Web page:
3. Set a good example to the younger generation. Its no surprise that kids learn by example, so keep that in mind when youre modeling cellphone behavior in front of the younger set whether your kids or others. You teach them to say please and thank you, among other social graces, so why stop there? Mind your cellphone Ps and Qs in front of children and teens alike, and youll give them a better shot at becoming model, tech-savvy citizens themselves.
4. Wait to text, and save a life (yours). When you drive and text at the same time, whether reading or composing, youre not only taking your hands off the wheel, but your eyes off the road as well. No text message is worth the risk of injuring, or killing, yourself or others. Wait until you are safely parked to send and return text messages.
5. Stash your cell when dining out. When people spend money on a dinner out, the last thing they want is to become a captive audience to a third party cellphone conversation. If youre eating in public, especially in the company of others, stash the cellphone (and turn off the ringer) until the meal is over everyone, including you, will enjoy themselves much more.
6. Remember when private time is in order. Its easy to identify telltale restroom sounds like echoes, running water and flushing in the background, so if youre taking a time out to answer natures call, dont try to fool anyone end calls before you walk into the restroom, and dont answer or dial again until youve washed and exited.
7. Keep arguments under wraps. Not every cellphone conversation may be a happy one, but that doesnt mean you have license to a public meltdown. Its easy to get wrapped up in an argument, but remember that others cant see or hear the hothead on the other end of the line; all they are aware of is a one-sided screaming match a few feet away. Dont let it be you.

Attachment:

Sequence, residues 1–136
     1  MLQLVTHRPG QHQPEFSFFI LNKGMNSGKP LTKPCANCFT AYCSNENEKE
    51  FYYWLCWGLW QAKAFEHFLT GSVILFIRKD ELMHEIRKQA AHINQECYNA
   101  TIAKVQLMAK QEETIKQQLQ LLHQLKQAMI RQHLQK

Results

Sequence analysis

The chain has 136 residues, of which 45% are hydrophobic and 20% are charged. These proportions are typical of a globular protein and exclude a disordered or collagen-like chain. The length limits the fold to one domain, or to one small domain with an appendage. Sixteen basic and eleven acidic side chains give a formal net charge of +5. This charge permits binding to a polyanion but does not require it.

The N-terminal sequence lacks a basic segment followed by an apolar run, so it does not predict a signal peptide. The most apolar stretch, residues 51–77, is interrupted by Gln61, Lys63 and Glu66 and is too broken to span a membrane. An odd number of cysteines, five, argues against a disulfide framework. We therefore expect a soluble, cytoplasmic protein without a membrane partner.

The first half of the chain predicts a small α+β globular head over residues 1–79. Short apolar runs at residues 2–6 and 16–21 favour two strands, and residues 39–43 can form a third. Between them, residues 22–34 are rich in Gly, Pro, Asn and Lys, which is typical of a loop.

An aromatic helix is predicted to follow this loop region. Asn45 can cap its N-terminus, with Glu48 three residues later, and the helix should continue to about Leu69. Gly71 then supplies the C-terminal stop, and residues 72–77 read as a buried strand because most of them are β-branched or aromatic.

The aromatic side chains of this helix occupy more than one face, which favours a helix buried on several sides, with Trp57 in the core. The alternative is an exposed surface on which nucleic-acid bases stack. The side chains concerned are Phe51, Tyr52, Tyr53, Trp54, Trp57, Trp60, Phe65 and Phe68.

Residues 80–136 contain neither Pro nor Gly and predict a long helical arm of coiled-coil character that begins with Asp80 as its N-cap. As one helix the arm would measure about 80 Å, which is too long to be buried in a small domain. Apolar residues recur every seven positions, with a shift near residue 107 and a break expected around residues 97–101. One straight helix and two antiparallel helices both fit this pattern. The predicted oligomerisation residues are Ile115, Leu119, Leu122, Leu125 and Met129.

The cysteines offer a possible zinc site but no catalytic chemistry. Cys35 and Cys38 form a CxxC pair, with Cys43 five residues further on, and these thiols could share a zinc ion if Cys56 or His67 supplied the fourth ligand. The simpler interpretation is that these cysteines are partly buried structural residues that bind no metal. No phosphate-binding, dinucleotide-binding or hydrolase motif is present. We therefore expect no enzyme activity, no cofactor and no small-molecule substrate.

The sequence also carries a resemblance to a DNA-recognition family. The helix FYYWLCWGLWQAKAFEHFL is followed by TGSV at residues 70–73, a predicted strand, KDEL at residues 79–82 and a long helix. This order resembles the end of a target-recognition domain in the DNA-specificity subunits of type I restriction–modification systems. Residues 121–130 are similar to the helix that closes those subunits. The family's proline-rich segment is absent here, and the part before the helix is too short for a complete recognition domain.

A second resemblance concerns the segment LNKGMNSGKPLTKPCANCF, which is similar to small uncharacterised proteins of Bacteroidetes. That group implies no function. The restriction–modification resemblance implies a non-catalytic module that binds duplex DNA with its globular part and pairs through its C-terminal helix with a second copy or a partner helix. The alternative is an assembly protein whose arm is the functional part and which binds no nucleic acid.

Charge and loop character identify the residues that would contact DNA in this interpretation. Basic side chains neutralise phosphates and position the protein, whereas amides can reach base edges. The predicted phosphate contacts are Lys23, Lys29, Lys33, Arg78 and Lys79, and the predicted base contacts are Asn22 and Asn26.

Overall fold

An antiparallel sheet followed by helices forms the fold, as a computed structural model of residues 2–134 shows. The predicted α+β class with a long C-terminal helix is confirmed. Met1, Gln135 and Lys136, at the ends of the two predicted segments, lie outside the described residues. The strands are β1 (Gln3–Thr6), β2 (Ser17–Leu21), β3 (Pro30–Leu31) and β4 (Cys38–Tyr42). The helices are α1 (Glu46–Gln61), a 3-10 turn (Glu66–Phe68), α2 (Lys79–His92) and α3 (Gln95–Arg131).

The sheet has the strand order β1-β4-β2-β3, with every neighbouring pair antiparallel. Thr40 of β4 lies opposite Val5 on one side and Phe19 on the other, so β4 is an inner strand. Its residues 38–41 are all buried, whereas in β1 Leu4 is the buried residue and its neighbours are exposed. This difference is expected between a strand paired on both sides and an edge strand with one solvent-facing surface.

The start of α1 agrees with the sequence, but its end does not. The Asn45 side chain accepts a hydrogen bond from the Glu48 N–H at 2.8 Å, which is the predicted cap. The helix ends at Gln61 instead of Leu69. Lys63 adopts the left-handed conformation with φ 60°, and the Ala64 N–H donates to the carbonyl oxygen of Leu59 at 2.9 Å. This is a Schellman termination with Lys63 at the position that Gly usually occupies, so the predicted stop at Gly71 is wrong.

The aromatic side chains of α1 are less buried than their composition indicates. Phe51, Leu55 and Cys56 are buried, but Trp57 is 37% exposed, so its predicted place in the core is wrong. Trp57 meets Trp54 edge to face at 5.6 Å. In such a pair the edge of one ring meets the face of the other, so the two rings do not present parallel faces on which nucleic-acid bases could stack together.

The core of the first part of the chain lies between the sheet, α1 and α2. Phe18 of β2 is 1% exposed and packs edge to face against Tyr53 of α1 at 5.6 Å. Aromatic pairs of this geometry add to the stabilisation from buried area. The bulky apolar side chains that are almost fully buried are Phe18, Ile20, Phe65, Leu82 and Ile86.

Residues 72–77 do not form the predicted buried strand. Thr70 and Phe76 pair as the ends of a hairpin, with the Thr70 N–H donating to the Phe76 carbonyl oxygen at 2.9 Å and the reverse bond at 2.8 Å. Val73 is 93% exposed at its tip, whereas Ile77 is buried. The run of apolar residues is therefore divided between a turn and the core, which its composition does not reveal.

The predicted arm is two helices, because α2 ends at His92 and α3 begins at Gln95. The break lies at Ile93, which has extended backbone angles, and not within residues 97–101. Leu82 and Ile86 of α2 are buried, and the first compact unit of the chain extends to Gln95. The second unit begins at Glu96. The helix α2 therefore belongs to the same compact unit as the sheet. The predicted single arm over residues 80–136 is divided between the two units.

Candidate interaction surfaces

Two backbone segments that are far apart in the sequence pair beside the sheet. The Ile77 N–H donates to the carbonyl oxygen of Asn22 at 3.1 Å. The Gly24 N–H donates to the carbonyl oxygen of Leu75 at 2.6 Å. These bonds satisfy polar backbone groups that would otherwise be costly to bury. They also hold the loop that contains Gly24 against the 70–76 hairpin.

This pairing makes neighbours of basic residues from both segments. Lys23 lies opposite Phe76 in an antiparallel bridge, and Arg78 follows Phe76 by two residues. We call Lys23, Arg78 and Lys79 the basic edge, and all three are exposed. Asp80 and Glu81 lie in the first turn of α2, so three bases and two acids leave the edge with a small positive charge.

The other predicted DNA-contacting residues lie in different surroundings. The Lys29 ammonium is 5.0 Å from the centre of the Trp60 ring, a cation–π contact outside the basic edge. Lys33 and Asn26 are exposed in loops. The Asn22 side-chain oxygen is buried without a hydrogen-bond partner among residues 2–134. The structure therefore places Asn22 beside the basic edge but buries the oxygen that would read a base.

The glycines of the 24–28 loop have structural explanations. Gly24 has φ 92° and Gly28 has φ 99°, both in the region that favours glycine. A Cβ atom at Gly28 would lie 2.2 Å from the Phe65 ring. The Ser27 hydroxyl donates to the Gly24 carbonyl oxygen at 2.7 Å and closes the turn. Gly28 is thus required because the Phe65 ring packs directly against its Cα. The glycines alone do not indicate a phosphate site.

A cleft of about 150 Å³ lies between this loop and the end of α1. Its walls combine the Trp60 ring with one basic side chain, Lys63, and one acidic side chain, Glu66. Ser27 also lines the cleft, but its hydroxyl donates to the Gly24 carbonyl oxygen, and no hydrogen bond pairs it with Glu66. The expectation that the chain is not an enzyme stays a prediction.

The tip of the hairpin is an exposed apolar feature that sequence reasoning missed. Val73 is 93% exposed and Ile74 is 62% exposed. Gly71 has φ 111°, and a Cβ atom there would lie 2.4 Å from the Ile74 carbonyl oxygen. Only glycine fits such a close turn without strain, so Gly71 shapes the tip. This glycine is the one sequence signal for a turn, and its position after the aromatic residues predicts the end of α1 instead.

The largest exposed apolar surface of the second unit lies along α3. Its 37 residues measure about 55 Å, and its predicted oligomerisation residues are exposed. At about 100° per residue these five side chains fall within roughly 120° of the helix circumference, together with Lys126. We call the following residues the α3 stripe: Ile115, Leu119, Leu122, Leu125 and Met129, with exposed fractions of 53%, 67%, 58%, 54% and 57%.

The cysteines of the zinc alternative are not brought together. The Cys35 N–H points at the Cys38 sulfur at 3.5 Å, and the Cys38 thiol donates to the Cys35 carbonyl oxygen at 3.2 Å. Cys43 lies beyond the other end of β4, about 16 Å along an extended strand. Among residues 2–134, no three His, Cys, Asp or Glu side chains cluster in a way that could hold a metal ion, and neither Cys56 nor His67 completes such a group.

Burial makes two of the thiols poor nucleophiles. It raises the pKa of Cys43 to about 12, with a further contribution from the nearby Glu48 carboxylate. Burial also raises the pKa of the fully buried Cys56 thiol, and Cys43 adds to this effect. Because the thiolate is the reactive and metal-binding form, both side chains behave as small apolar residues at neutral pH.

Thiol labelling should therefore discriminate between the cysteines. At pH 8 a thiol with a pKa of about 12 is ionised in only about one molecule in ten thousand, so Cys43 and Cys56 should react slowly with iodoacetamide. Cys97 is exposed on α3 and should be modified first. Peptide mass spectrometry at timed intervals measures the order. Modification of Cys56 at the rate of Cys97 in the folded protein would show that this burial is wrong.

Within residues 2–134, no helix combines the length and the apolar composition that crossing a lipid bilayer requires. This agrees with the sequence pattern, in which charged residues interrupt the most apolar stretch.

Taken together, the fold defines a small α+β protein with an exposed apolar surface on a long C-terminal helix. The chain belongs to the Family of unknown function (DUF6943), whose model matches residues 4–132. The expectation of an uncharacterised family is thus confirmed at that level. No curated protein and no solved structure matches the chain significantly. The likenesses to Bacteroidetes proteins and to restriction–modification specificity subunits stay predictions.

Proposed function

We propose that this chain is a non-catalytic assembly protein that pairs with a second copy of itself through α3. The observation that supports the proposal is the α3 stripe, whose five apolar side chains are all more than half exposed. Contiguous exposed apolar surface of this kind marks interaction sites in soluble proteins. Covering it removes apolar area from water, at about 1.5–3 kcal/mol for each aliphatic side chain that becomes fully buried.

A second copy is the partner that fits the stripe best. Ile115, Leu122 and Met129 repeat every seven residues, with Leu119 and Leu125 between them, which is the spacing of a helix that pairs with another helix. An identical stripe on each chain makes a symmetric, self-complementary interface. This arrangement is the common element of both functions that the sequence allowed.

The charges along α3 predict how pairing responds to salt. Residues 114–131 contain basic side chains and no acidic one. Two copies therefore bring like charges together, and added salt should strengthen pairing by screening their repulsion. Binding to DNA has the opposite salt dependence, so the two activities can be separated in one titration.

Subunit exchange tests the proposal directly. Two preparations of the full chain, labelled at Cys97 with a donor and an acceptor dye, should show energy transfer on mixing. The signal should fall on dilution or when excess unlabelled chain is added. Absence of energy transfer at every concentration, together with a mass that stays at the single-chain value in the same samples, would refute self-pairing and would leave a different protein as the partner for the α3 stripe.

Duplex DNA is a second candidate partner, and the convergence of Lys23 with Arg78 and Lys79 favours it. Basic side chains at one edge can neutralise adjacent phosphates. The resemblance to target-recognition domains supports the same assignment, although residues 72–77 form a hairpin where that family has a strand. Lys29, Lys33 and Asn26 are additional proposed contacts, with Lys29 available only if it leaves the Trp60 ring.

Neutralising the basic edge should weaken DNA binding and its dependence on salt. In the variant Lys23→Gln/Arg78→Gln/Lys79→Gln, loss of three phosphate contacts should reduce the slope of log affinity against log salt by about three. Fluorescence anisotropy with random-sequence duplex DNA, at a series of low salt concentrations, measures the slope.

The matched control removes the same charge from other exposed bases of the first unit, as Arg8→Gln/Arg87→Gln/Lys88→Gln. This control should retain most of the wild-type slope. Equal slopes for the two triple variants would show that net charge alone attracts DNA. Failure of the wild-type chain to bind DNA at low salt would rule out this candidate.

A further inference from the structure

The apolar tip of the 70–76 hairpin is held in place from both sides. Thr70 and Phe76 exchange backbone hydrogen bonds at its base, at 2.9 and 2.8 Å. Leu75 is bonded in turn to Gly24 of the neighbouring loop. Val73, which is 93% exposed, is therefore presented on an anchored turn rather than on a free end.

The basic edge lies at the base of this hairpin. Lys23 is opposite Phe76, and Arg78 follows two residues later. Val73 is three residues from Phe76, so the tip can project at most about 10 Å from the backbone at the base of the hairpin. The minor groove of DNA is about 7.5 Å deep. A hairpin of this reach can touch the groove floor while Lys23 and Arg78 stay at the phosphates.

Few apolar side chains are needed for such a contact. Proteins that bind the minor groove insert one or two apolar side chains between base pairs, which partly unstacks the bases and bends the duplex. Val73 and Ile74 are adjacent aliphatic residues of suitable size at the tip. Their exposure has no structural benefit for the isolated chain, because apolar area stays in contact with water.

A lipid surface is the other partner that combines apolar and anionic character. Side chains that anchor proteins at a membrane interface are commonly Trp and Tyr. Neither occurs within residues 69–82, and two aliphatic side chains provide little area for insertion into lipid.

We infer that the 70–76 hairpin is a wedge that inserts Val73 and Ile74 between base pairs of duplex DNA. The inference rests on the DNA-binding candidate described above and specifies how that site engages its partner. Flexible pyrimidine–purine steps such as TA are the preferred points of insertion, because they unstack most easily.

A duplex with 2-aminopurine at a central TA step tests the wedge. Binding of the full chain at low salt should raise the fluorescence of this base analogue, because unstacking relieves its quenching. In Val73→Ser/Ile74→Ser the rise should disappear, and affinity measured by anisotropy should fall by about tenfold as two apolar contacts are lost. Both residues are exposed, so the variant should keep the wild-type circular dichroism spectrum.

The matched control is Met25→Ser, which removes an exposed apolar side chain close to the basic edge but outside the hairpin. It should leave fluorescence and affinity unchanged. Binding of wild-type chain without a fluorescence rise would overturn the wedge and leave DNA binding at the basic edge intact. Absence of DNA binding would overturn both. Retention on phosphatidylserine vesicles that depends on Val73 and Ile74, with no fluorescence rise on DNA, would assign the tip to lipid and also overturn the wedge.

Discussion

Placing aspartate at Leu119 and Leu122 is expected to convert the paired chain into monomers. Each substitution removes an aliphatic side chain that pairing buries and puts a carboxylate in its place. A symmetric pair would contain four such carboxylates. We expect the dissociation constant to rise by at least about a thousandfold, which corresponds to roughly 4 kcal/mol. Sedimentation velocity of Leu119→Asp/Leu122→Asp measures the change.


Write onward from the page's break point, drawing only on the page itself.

8. Mind your manners. Stories and language that might be entertaining to your closest associates may very well come off as inappropriate or just plain TMI to innocent bystanders, so its smart to live by the following rule: If you wouldnt walk through a busy public place with a particular word or comment printed on your T-shirt, dont use it in cellphone conversations when within earshot of strangers.
9. Dont ignore universal quiet zones. Whether youre in a theater, house of worship, conference room or other standard locale requiring cellphone silence, its imperative to heed the mandate to shut off cellphones completely. Not only so they dont make a notable sound, but also so that intrusive screen light does not distract, both of which are highly disrespectful to those around you.
10. Dont make service personnel wait on you. Theres a growing frustration among cashiers, restaurant waitstaff, counter workers and others in the service trade about customers who expect to be served immediately, yet cant be bothered to interrupt their cellphone conversations or texting marathons to coherently place an order or pay for a purchase. Many service personnel strive to do their job well, and customers distracted by cellphones can undermine their own experience and create a bottleneck with others. Please help them help you.
I couldnt have said it (any of it) better.
Former editor of the Times newspapers and the Lake Oswego Review, Kelly is now chief of the central design desk for Community Newspapers and the Portland Tribune, and he contributes a regular column.Add a comment